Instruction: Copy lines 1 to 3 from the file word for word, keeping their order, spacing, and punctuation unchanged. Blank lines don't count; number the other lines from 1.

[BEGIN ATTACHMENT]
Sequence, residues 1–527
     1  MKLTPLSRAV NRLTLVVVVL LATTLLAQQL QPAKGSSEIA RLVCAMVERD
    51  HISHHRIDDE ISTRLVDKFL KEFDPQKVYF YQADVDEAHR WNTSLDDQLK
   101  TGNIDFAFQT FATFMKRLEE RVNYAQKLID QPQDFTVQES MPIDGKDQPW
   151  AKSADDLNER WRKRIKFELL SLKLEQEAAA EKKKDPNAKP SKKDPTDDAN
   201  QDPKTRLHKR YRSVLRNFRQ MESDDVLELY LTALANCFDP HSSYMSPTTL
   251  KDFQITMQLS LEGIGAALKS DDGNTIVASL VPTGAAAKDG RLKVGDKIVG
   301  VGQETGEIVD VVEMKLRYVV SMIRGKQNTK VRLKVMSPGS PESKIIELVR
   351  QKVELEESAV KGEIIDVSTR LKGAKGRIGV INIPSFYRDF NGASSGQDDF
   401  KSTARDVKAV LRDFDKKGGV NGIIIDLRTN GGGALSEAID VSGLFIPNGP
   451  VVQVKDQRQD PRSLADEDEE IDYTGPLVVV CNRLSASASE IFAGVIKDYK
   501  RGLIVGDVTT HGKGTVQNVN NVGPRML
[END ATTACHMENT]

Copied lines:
Sequence, residues 1–527
     1  MKLTPLSRAV NRLTLVVVVL LATTLLAQQL QPAKGSSEIA RLVCAMVERD
    51  HISHHRIDDE ISTRLVDKFL KEFDPQKVYF YQADVDEAHR WNTSLDDQLK